• [0000]
    (Support)
  • [0116]
    In the present invention, a waterproof support is preferably used as the support. The use of the waterproof support makes it possible to prevent the support from absorbing moisture, whereby a fluctuation in the performance of the receptor layer with lapse of time can be prevented. As the waterproof support, for example, coated paper or laminate paper may be used.
  • [0000]
    Coated Paper
  • [0117]
    The coated paper is paper obtained by coating a sheet such as base paper with various resins, rubber latexes, or high-molecular materials, on one side or both sides of the sheet, wherein the coating amount differs depending on its use. Examples of such coated paper include art paper, cast coated paper, and Yankee paper.
  • [0118]
    It is proper to use a thermoplastic resin as the resin to be applied to the surface(s) of the base paper. As such a thermoplastic resin, the following thermoplastic resins (A) to (H) may be exemplified.
    • (A) Polyolefin resins such as polyethylene resin and polypropylene resin; copolymer resins composed of an olefin such as ethylene or propylene and another vinyl monomer; and acrylic resin.
    • (B) Thermoplastic resins having an ester linkage: for example, polyester resins obtained by condensation of a dicarboxylic acid component (such a dicarboxylic acid component may be substituted with a sulfonic acid group, a carboxyl group, or the like) and an alcohol component (such an alcohol component may be substituted with a hydroxyl group, or the like); polyacrylate resins or polymethacrylate resins such as polymethylmethacrylate, polybutylmethacrylate, polymethylacrylate, polybutylacrylate, or the like; polycarbonate resins, polyvinyl acetate resins, styrene acrylate resins, styrene-methacrylate copolymer resins, vinyltoluene acrylate resins, or the like.
  • [0121]
    Concrete examples ofthem are those described in JP-A-59-101395, JP-A-63-7971, JP-A-63-7972, JP-A-63-7973, and JP-A-60-294862.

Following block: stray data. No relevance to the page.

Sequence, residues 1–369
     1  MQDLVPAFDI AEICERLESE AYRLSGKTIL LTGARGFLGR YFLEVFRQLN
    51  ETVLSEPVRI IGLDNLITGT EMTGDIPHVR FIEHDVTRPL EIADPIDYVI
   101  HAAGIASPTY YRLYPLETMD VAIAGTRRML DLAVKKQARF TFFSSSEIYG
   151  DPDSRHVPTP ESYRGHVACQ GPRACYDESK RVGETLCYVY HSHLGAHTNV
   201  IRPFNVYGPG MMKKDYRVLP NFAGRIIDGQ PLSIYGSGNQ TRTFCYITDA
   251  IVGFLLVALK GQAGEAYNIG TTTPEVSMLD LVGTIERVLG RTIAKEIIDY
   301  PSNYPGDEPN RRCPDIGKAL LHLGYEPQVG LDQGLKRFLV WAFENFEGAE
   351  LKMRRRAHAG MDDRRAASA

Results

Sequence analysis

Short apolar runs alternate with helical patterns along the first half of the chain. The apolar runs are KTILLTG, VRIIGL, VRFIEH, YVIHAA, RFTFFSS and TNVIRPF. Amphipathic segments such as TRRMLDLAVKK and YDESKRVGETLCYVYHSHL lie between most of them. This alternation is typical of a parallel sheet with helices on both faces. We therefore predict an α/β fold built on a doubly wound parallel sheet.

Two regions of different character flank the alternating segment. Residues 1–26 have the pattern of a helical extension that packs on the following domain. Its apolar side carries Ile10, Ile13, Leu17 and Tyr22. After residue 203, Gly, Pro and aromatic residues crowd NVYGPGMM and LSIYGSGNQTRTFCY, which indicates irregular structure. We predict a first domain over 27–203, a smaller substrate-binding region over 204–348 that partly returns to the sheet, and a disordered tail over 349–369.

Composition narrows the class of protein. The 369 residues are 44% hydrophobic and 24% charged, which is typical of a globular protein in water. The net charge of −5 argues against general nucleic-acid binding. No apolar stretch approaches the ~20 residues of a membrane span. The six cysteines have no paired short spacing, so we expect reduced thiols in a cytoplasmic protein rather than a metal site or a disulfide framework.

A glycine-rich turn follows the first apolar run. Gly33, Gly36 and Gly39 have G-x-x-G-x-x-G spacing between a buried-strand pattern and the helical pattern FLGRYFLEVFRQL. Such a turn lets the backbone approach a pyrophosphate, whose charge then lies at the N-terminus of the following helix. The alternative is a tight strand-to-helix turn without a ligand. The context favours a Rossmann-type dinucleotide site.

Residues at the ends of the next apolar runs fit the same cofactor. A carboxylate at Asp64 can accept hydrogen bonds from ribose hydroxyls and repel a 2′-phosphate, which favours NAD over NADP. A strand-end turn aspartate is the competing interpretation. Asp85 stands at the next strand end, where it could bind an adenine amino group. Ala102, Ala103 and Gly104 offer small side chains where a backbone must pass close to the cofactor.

• [0122]
    Commercially available thermoplastic resins usable herein are, for example, Vylon 290, Vylon 200, Vylon 280, Vylon 300, Vylon 103, Vylon GK-140, and Vylon GK-130 (products of Toyobo Co., Ltd.); Tafton NE-382, Tafton U-5, ATR-2009, and ATR-2010 (products of Kao Corporation); Elitel UE 3500, UE 3210, XA-8153, KZA-7049, and KZA-1449 (products of Unitika Ltd.); and Polyester TP-220 and R-188 (products of The Nippon Synthetic Chemical Industry Co., Ltd.); and thermoplastic resins in the Hyros series from Seiko Chemical Industries Co., Ltd., and the like (all of these names are trade names).
    • (C) Polyurethane resins, etc.
    • (D) Polyamide resins, urea resins, etc.
    • (E) Polysulfone resins, etc.
    • (F) Polyvinyl chloride resins, polyvinylidene chloride resins, vinyl chloride/vinyl acetate copolymer resins, vinyl chloride/vinyl propionate copolymer resins, etc.
    • (G) Polyol resins such as polyvinyl butyral; and cellulose resins such as ethyl cellulose resin and cellulose acetate resin, and
    • (H) Polycaprolactone resins, styrene/maleic anhydride resins, polyacrylonitrile resins, polyether resins, epoxy resins, and phenolic resins.
  • [0129]
    The thermoplastic resins may be used either alone or in combination of two or more.
  • [0130]
    The thermoplastic resin may contain a whitener, a conductive agent, a filler, a pigment or dye including, for example, titanium oxide, ultramarine blue, and carbon black; or the like, if necessary.
  • [0000]
    Laminated Paper
  • [0131]
    The laminated paper is a paper which is formed by laminating various kinds of resin, rubber, polymer sheets or films on a sheet such as a base paper or the like. Specific examples of the materials useable for the lamination include polyolefins, polyvinyl chlorides, polyethylene terephthalates, polystyrenes, polymethacrylates, polycarbonates, polyimides, and triacetylcelluloses. These resins may be used alone, or in combination of two or more.
  • [0132]
    Generally, the polyolefins are prepared by using a low-density polyethylene. However, for improving the thermal resistance of the support, it is preferred to use a polypropylene, a blend of a polypropylene and a polyethylene, a high-density polyethylene, or a blend of a high-density polyethylene and a low-density polyethylene. From the viewpoint of cost and its suitableness for the laminate, it is preferred to use the blend of a high-density polyethylene and a low-density polyethylene.